27 OCTOBER 2021
8887TH MEETING (AM)
Members also Discuss Joint Border Mechanism, Mandate of Abyei Force
The Security Council today requested the Secretary‑General to set up a dedicated team to assist the electoral process in South Sudan towards the country’s democratic future, as members also discussed the impact of the 25 October military coup d’état in Sudan on the bilateral border administration.
At the outset of today’s meeting, the 15‑member organ endorsed a presidential statement (to be issued as document S/PRST/2021/20), presented by Kenya, Council President for October, by which the Secretary‑General is requested to establish an integrated electoral assistance team led by the United Nations Mission in South Sudan (UNMISS), in support of the electoral road map detailed in the peace agreement of 2018.
In the statement, the Council underscored that elections must be preceded by an inclusive, transparent constitution-drafting process, carried out in an environment that respects freedom of expression, association and peaceful assembly, and encourages civic engagement.
The Council then urged the South Sudanese authorities to make progress on key milestones, including the necessary security arrangements, the establishment of the legal framework for elections, and the establishment of a functioning National Election Commission both in Juba and at the subnational level.
Today’s meeting took place as the 15 November expiration date approaches for both the mandate of the United Nations Interim Security Force for Abyei (UNISFA) and its support to the Joint Border Verification and Monitoring Mechanism, which monitors the demilitarized zone along the border between Sudan and South Sudan.
Jean‑Pierre Lacroix, Under‑Secretary‑General for Peace Operations, said that the United Nations strategic review of UNISFA proposes two viable options for the reconfiguration of the mission. One would keep overall force numbers close to what they are currently, and the second would slightly reduce the troop ceiling, a move that will require more operational adjustments but should encourage Sudan and South Sudan to move forward on outstanding issues with increased urgency.
It is also recommended that the United Nations establishes a rule of law support strategy, and keeps the Joint Border Verification and Monitoring Mechanism intact, he said, adding that negotiations towards a political settlement concerning Abyei remain crucial building blocks towards an exit strategy for UNISFA. In that regard, a set of benchmarks should be established in close coordination with the two countries, including specific requirements for the inclusion of women.
On the latest event in Khartoum, he said: “It is too early to know what the impact of this week’s developments… will mean for UNISFA on a day-to-day basis.” But all parties in Sudan are, and have been, strong supporters of the Force, he said, noting that planning towards a full replacement of the current military contingent with a multinational one will continue in full speed.
Injecting his observation, Parfait Onanga-Anyanga, Special Envoy of the Secretary‑General for the Horn of Africa, said the tragic events unfolding in Sudan following the unconstitutional change of Government reflect the shaky transitions that many countries are going through, adding that it will be critical to urgently restore constitutional order, consistent with the Constitutional Declaration as well as the 2018 peace agreement.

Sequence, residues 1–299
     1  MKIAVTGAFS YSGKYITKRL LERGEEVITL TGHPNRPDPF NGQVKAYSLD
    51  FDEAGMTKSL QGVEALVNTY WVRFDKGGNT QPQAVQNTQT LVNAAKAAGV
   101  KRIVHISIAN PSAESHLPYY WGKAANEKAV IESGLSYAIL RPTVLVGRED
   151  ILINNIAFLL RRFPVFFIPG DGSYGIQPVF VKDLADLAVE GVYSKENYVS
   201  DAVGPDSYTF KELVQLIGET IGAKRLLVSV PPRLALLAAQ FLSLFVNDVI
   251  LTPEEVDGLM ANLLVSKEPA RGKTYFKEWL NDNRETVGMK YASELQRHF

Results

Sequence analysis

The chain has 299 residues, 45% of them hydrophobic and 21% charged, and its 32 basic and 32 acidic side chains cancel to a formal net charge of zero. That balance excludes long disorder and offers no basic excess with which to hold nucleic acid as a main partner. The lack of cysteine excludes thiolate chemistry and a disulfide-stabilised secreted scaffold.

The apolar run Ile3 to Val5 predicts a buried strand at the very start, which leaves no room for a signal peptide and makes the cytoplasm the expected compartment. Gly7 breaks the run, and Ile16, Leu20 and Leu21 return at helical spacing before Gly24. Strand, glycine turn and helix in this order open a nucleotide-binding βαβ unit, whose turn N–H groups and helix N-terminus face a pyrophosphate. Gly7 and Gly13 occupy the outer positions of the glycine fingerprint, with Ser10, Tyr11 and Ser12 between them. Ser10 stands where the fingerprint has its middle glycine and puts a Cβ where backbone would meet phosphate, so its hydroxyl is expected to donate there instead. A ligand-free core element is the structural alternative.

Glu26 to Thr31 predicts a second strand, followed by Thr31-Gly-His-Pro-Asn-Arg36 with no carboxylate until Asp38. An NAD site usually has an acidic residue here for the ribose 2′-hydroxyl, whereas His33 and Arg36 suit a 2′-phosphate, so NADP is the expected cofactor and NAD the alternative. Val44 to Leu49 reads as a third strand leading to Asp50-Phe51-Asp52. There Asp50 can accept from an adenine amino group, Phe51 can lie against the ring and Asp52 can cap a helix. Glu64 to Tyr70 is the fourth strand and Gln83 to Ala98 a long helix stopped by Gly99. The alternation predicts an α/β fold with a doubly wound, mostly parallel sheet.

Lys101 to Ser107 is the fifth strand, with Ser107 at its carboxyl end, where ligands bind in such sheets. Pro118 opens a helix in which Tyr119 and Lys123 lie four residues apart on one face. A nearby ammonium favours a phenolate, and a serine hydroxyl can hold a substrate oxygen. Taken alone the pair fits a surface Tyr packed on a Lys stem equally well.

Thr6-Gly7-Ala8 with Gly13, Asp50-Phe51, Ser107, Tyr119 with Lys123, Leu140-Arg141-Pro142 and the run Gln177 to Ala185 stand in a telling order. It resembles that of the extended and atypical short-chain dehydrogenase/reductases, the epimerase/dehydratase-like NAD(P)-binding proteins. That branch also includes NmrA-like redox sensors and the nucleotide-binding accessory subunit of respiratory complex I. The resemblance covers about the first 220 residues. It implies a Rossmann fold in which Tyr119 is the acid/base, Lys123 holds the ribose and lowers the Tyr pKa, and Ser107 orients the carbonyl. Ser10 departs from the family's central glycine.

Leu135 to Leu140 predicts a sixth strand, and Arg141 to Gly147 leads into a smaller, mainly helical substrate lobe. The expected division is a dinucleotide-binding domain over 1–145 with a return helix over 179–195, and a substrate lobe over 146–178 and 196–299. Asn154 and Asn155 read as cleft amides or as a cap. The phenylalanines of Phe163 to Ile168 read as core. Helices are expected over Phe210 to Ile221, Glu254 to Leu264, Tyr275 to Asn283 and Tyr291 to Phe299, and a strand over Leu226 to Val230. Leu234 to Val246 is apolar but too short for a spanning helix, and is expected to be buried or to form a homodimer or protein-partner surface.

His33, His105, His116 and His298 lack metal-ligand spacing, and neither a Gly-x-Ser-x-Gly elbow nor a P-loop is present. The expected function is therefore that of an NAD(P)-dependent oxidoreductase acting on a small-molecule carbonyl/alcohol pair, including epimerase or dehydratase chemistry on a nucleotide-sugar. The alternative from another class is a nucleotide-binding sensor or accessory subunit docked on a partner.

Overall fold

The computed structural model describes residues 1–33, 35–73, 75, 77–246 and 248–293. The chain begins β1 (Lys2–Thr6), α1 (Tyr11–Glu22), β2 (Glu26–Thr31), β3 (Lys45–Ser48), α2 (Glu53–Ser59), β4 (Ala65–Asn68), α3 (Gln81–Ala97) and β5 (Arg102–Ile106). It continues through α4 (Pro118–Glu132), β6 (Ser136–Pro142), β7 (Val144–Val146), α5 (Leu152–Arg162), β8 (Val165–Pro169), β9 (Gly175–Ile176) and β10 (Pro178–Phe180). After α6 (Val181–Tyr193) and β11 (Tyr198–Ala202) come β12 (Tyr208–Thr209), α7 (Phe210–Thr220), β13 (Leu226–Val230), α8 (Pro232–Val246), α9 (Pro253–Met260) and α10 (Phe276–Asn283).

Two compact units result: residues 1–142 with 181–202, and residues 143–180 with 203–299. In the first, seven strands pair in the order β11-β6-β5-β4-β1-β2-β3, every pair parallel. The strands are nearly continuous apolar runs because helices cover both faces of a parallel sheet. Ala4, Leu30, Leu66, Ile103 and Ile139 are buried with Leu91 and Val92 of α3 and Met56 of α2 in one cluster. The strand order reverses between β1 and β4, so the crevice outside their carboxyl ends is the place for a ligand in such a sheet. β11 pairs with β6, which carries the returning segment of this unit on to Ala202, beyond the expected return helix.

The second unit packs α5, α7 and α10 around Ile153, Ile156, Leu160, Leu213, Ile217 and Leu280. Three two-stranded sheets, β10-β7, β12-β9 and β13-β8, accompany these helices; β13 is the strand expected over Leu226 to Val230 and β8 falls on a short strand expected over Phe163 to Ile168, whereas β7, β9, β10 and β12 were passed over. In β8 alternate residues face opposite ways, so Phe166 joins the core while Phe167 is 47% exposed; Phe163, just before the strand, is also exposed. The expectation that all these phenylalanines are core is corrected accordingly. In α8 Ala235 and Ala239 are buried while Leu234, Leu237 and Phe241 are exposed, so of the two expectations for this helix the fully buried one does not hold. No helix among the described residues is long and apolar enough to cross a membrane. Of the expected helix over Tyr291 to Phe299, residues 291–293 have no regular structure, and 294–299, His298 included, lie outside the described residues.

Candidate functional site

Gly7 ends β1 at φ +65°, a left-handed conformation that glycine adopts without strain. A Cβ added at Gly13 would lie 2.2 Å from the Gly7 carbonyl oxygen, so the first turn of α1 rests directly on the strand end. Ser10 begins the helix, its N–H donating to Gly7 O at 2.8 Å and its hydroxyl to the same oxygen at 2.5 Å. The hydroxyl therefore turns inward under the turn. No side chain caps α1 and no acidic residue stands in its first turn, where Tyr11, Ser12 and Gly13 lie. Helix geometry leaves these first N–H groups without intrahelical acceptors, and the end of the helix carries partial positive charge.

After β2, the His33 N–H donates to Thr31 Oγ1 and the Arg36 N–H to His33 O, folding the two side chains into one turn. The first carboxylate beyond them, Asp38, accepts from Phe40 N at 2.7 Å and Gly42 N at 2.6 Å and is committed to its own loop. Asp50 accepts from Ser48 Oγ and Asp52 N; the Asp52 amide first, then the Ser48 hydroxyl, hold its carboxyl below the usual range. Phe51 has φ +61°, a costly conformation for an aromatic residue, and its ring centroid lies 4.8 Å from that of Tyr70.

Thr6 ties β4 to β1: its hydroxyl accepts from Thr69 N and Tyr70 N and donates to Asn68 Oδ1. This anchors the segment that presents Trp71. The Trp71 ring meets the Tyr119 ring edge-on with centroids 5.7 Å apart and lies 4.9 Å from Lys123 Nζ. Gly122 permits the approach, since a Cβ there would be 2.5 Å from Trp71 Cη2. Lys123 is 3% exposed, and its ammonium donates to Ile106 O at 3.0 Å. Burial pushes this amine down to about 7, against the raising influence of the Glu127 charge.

Noting encouraging signs, including a deepening relationship between Sudan and South Sudan, demonstrated by high‑level visits and initiatives in support of each other’s peace processes, he added: “While most of what I am reporting on may sound a bit removed from the current situation in Sudan which could negatively impact bilateral relations, I sincerely hope that the recent positive trend will not be derailed.”
Thabo Mbeki, Chairperson of the African Union High-Level Implementation Panel and former President of South Africa, recalled that civil war broke out in 1965 between what are now Sudan and South Sudan and ended with a peace accord in 1972. That agreement stated that the people of Abyei must decide where the Area belonged — to the North or South — but the accord was never implemented. The African Union presented a proposal to both Governments in 2012 on how they should address administration, security and establishment of institutions in Abyei.
The African Union must now approach the two Governments again, he said, reminding them they signed the Abyei Protocol in 2005, which states there must be a referendum for the residents of the Area. Steps must be taken to determine Abyei’s final status in achieving area stability.
The representative of Tunisia, speaking also for Kenya, Niger and the Saint Vincent and the Grenadines, stressed the importance of adequately endowing UNISFA’s rule-of-law capacity and then endorsed the Secretary‑General’s recommendation to extend UNISFA’s mandate and its support to the Joint Border Verification and Monitoring Mechanism for six months.
India’s delegate agreed with the Secretary‑General’s assessment that a final decision on the drawdown of UNISFA should be deferred, in view of a pending consensus on the sensitive issue between the Sudan, South Sudan and Ethiopia.